The Wow Signal - Infinity's Lobby
The Wow Signal are quite clearly not a band to hide their influences from the world as every track on Infinity’s Lobby positively bleeds 70s rock. In the right hands the influences can come across as fresh as if we were in the era but in the wrong hands, it could just come across like a band that have no ideas and are hoping that their new fans are too young to remember the 70s. Thankfully for both my listening pleasure and for The Wow Signal, they get it just about right with their debut album.
Opener Purr Right is almost a bit misleading by provoking memories of glam rock and the likes of David Bowie with its psychedelic riffs and lyrics. It eventually develops some harder edges which make the track a thoroughly enjoyable opener if not a true indication of what’s to follow.
This comes with the crunching title track Infinity’s Lobby which was released last November to some muted fanfare and clearly deserved more attention. It mixes screeching guitar riffs with a pounding drum beat and is as retro as a space hopper without being too overly familiar. The track just begs for the volume to be turned up to the maximum regardless of who it affects around you.
A band can’t be considered truly 70s without a power ballad or two and the album’s first, and best, power ballad comes with Debunked. It possesses all the characteristics – longer than average song length, slow acoustic build up, crunching riffs before a lull where some proper lighter waving can take place and then a heavy riff-tastic final bridge. It’s a track that was unashamedly meant to be played live in stadiums although it’s too early to tell if The Wow Signal will get to do so.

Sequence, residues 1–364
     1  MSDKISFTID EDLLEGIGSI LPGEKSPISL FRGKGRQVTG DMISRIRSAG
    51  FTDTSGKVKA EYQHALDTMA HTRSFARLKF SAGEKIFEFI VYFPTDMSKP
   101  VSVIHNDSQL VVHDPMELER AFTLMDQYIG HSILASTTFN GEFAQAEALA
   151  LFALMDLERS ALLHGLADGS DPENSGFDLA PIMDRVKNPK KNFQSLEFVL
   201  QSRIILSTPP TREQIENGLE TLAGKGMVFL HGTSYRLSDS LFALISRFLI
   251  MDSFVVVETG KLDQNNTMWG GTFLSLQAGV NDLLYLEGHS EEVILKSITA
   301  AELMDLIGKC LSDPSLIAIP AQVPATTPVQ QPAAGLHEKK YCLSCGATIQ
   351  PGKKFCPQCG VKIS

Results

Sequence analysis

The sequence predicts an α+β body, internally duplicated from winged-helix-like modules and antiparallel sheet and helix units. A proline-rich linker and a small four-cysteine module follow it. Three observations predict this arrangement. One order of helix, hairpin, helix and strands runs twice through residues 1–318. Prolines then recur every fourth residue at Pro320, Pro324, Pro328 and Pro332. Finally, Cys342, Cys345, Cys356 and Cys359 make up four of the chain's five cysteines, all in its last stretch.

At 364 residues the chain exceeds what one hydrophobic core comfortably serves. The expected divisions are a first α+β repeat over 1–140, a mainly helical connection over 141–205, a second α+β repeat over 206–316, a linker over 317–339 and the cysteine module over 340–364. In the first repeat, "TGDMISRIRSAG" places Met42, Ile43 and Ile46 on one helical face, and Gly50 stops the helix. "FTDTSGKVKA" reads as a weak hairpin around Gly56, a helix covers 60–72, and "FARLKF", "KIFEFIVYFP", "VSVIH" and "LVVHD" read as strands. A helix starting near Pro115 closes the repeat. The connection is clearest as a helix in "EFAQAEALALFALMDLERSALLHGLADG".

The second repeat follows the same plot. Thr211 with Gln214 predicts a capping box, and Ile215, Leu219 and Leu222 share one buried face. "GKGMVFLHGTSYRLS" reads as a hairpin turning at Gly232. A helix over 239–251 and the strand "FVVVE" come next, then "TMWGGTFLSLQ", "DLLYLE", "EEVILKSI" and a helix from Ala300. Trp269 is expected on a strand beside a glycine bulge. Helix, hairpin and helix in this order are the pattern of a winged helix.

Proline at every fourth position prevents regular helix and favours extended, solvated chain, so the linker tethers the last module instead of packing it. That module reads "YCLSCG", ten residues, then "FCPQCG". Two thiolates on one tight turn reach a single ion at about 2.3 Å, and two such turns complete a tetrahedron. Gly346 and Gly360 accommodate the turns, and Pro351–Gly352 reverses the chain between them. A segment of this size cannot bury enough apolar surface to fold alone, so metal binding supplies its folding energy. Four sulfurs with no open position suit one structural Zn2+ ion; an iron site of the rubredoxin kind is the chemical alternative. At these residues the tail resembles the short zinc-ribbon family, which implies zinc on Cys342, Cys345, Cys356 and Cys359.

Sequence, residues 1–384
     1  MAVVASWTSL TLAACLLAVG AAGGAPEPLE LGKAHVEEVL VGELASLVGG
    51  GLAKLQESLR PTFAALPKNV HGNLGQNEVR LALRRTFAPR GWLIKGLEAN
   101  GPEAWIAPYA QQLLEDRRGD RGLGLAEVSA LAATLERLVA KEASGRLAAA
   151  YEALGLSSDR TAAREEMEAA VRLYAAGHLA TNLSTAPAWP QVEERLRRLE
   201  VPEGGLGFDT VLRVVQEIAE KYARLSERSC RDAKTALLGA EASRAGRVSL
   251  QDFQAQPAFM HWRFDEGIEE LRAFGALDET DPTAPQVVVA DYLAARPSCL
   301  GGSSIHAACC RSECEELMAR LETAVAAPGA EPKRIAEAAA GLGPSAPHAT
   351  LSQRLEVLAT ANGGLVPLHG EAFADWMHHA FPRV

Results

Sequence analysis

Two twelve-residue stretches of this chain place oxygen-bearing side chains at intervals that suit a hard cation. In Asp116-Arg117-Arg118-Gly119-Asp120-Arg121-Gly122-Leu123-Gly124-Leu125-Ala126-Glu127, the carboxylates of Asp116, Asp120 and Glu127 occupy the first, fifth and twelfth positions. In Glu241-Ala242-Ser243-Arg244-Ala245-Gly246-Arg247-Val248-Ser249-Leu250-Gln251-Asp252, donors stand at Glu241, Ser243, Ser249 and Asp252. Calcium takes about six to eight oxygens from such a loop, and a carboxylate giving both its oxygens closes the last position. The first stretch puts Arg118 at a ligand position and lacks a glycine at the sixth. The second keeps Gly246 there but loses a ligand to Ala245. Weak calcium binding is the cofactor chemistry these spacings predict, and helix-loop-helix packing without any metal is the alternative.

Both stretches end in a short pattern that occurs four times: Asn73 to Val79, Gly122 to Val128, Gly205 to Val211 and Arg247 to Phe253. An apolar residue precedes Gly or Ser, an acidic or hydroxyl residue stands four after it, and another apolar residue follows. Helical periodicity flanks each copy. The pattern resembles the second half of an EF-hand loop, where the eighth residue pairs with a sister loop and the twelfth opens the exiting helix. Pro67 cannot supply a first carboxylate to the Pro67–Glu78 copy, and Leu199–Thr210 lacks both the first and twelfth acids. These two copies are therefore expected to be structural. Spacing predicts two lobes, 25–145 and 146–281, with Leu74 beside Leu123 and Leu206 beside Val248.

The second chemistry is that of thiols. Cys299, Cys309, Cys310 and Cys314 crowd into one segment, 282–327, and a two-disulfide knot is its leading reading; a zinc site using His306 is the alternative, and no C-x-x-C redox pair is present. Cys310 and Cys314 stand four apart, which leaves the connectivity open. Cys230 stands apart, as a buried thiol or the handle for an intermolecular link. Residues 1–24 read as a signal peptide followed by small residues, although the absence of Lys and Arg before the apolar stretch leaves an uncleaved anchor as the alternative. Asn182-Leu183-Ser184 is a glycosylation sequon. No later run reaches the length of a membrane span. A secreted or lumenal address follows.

The band doesn’t just rely on rock and electro 70s influences though, tracks such as Lovers Scam showcase the band’s punk abilities. Again it’s like they went through a checklist of things like song length, short obviously, and particular riffs, stripped down and fast, but it comes across fresh and not just a band bereft of ideas just yet. However that could be more to do with the track being different to any other on the album by this point rather than it being a modern take on punk and The Wow Signal are certainly no Bronx in that department.
It’s really over the last few tracks of the album where criticisms seem to become more frequent. Lead singer Andrew Goldman’s vocals get lost among the riffs and are rendered inaudible a few times especially on All You Will Discover where he’s just a bit too quiet with everything going on around him. The constant old school riffs do tend to start to bore rather than induce head banging, other than some brilliant staccato riffs on They Got It Wrong.
However it’s quite possible that if the track list was inverted, any of these comments could have been said about some of those tracks instead of the praise. It’s a case of letting too much influence cloud the tracks as you start to wish that the band would try something different, rather than just showcase how good they are at making retro rock sound modern. Without seeming to try anything that is inherently ‘their sound’, The Wow Signal come across as a tribute act to 70s rock at times on this album rather than their own band.
So overall, certainly no immediate ‘Wow’ factor to this album but there are promising signs that The Wow Signal can become a great alternative rock band. They just need to start letting their influences just influence their sound and not dominate it.